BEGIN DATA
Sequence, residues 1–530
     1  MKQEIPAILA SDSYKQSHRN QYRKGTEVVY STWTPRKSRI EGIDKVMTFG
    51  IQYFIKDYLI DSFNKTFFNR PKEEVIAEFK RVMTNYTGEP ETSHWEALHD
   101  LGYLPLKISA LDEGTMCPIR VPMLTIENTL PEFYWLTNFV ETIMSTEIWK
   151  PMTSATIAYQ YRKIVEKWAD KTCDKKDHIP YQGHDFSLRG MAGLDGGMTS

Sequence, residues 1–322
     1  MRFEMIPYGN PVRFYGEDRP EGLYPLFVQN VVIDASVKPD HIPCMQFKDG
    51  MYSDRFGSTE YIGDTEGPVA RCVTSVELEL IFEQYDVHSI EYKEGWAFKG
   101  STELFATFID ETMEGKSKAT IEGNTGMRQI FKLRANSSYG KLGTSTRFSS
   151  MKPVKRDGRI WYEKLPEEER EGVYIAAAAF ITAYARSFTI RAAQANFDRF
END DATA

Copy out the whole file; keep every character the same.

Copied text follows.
Sequence, residues 1–530
     1  MKQEIPAILA SDSYKQSHRN QYRKGTEVVY STWTPRKSRI EGIDKVMTFG
    51  IQYFIKDYLI DSFNKTFFNR PKEEVIAEFK RVMTNYTGEP ETSHWEALHD
   101  LGYLPLKISA LDEGTMCPIR VPMLTIENTL PEFYWLTNFV ETIMSTEIWK
   151  PMTSATIAYQ YRKIVEKWAD KTCDKKDHIP YQGHDFSLRG MAGLDGGMTS

Sequence, residues 1–322
     1  MRFEMIPYGN PVRFYGEDRP EGLYPLFVQN VVIDASVKPD HIPCMQFKDG
    51  MYSDRFGSTE YIGDTEGPVA RCVTSVELEL IFEQYDVHSI EYKEGWAFKG
   101  STELFATFID ETMEGKSKAT IEGNTGMRQI FKLRANSSYG KLGTSTRFSS
   151  MKPVKRDGRI WYEKLPEEER EGVYIAAAAF ITAYARSFTI RAAQANFDRF